The rise of philosophy, then, often heralds the decay of a civilization. Speculation begins with nature and begets naturalism; it passes to man – first as psychological mystery and then as a member of society – and begets individualism. Philosophers do not always desire these results; but they achieve them. They feel themselves the unwilling enemies of the state: they think of men in terms of personality while the state thinks of men in terms of social mechanism. Some philosophers would gladly hold their peace, but there is that in them which will out; and when philosophers speak, gods and dynasties fall. Most states have had their roots in heaven, and have paid the penalty for it: the twilight of gods is the afternoon of states.
Every civilization comes at last to the point where the individual, made by speculation conscious of himself as an end per se, demands of the state, as the price of its continuance, that it shall henceforth enhance rather than exploit his capacities. Philosophers sympathize with this demand, the state almost always rejects it: therefore civilizations come and civilizations go. The history of philosophy is essentially an account of the efforts great men have made to avert social disintegration by building up natural moral sanctions to take the place of the supernatural sanctions which they themselves have destroyed. To find – without resorting to celestial machinery – some way of winning for their people social coherence and permanence without sacrificing plasticity and individual uniqueness to regimentation, – that has been the task of philosophers, that is the task of philosophers.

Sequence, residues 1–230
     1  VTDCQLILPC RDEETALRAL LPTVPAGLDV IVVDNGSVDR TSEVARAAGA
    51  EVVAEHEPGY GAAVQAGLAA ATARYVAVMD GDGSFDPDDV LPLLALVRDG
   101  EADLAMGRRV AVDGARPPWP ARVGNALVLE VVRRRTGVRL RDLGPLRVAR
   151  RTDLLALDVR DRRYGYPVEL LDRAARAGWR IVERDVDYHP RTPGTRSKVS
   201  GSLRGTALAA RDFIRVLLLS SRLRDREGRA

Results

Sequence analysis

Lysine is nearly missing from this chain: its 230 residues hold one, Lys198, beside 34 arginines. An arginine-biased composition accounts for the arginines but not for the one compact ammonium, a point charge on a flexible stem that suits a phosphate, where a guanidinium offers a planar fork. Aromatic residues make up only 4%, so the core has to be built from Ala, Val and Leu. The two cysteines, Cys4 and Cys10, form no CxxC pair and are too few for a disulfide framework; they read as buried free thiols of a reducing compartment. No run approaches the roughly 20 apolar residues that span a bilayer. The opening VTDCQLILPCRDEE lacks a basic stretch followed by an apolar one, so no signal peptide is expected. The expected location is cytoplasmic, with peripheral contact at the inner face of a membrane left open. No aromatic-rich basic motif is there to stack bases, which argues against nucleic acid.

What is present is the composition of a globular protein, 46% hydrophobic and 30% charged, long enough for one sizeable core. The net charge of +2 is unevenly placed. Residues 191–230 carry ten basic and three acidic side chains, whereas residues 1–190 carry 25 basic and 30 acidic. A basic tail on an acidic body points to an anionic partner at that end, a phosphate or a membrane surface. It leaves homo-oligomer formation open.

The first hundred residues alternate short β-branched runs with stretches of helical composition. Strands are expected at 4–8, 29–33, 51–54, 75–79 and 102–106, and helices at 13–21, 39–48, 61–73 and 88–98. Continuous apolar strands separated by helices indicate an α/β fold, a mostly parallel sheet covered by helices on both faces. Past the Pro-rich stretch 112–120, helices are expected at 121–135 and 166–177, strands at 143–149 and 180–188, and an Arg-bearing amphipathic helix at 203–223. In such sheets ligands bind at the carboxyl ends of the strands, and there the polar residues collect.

We should be thankful that it is. Who knows but that within our own time may come at last the forging of an effective natural ethic? – an achievement which might be the most momentous event in the history of our world.
Excerpted from Will Durant's "Philosophy and the Social Problem", by Will Durant.